I don't mind paying for delivery, but that markup is enormous and on a big grocery order it simply doesn't pay to order from Instacart if you have Peapod or another service in your area. 

Old Europe
Old Europe

It seems that the lagging segment of online groceries is taking off. This business model is easy to scale and asset-light , but there are couple of drawbacks...


- Obviously, this model operates without any limits in SKUs on stock. What happens if in one or more partner stores the desired items are out of stock?

- Quality controll over multiple supply chains, especially during summer and for ultra-fresh products seems to be questionable


- There is no additional cost synergy created by this modell. Most likely, the products are sold with no or almost not mark up. Lack of purchasing power and additional logistic expenses will increase total costs. So either the offline shop owner reduces its price or the end-consumer pays a mark-up. Those kind of customers with repeating purchasing will tend to have a one-stop shopping. Sooner or later they will switch if they are given the opportunity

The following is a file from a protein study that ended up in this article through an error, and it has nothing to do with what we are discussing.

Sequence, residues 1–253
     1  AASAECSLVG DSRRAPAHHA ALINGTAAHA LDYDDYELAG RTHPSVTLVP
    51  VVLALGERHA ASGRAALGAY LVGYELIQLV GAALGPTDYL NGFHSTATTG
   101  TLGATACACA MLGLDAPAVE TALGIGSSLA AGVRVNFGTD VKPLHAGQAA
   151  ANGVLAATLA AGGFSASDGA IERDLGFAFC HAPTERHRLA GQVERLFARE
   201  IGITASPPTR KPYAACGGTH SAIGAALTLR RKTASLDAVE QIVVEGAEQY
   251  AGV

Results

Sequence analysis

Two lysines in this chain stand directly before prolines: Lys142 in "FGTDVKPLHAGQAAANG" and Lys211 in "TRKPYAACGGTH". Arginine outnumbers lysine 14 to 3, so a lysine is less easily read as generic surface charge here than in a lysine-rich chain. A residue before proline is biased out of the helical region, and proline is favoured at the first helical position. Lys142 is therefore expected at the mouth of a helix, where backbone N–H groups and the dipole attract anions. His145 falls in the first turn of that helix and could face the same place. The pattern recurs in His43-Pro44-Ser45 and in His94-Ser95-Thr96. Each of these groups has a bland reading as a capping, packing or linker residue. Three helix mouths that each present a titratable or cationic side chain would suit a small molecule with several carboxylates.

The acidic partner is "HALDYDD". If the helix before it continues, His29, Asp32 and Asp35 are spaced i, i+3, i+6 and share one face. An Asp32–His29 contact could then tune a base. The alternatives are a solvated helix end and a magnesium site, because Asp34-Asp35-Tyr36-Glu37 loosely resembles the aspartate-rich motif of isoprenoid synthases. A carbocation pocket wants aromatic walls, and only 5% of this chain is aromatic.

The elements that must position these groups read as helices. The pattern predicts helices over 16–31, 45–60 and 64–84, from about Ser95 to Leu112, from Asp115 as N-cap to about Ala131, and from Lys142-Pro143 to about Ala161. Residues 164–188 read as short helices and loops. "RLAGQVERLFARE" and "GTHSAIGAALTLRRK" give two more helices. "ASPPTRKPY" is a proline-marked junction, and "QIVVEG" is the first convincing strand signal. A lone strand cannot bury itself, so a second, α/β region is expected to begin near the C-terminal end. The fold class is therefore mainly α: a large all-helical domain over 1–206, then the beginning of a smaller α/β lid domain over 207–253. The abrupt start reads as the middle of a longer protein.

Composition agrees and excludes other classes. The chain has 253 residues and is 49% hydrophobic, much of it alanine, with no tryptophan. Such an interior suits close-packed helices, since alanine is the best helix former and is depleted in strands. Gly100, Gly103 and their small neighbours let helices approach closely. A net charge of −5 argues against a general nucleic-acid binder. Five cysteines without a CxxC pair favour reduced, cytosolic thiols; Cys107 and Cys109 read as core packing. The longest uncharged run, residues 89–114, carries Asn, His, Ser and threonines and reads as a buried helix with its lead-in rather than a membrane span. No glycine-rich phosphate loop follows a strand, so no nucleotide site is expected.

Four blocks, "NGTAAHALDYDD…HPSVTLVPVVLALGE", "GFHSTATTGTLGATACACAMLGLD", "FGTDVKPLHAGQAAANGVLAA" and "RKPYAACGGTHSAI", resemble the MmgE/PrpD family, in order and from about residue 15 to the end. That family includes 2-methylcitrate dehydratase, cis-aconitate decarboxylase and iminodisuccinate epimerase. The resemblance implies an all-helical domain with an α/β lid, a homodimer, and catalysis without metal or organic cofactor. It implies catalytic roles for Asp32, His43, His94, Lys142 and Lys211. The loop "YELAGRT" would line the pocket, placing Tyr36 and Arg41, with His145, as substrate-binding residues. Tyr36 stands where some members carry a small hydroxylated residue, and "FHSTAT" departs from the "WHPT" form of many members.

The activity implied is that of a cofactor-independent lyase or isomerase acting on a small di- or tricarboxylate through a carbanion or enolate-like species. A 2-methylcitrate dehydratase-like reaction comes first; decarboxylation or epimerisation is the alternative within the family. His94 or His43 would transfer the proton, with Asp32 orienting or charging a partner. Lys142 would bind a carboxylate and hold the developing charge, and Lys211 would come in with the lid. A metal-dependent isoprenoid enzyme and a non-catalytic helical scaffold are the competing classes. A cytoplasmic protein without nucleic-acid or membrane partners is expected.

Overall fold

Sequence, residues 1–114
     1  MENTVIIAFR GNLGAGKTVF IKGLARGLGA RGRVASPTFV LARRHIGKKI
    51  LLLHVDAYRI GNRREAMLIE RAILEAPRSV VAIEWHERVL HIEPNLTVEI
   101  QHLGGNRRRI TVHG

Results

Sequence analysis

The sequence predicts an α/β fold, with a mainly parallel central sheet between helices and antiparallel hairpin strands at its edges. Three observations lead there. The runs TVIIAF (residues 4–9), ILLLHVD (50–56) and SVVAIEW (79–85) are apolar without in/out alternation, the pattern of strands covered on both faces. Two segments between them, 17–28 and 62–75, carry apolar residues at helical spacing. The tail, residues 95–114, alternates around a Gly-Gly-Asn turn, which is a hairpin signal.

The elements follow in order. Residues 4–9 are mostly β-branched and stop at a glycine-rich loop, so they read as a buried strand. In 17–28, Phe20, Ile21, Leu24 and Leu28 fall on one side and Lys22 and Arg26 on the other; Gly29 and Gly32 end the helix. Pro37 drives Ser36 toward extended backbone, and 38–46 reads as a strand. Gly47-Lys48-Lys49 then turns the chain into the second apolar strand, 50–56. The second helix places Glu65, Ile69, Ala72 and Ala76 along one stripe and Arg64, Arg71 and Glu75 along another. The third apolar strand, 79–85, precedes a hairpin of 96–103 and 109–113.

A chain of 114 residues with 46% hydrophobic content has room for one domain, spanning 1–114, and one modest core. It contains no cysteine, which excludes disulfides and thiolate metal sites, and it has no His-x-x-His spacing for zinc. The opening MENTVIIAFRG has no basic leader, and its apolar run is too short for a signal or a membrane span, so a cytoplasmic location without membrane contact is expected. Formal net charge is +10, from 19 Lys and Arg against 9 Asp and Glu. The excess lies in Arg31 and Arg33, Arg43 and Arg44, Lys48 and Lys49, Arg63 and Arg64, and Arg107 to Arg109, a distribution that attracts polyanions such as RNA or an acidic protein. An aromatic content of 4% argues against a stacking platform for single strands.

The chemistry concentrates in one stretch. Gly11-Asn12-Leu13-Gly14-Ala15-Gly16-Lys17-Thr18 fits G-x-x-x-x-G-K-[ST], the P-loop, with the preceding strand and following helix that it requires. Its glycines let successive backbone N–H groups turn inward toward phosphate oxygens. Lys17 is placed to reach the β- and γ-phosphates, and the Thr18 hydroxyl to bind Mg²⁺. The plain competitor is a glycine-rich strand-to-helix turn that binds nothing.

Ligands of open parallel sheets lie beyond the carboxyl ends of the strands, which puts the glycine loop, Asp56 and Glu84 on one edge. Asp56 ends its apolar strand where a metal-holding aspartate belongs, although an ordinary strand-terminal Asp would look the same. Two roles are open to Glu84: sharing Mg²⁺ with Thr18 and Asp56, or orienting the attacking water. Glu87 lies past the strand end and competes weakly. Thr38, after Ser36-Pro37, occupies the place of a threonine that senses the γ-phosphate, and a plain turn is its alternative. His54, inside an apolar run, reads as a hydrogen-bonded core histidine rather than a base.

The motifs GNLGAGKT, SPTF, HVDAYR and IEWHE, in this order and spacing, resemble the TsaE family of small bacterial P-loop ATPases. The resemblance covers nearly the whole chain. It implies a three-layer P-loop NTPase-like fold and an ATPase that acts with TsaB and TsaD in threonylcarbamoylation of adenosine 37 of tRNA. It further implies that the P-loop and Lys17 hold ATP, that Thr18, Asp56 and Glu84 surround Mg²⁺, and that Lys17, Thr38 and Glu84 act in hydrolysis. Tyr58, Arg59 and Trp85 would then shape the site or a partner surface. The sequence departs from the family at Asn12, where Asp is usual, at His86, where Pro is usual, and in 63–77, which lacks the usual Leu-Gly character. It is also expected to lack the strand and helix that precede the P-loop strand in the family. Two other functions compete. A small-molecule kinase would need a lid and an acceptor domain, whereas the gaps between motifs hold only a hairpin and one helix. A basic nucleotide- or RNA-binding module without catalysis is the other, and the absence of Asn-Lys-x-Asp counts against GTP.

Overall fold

- Customer demand and the supply side must be well-balanced. I am curious how this model should work during peak times, especially during the X-Mas season or during severe weather...



extrenergy
extrenergy

Used Instacart for the first time yesterday. The convenience and customer service is outstanding, and the operation literally delivers. However, upon chatting with the deliveryperson, it seems that there is a potential deal breaker in the system, mentioned briefly in this article. The folks hired to shop for and deliver the groceries are burdened with the expenses of their own vehicles, gas, smartphones, health insurance and taxes. All for about $10 per hour pay as an independent contractor. 

It won't be long before the government steps in to correct labor practices that border on, and are possibly, illegal.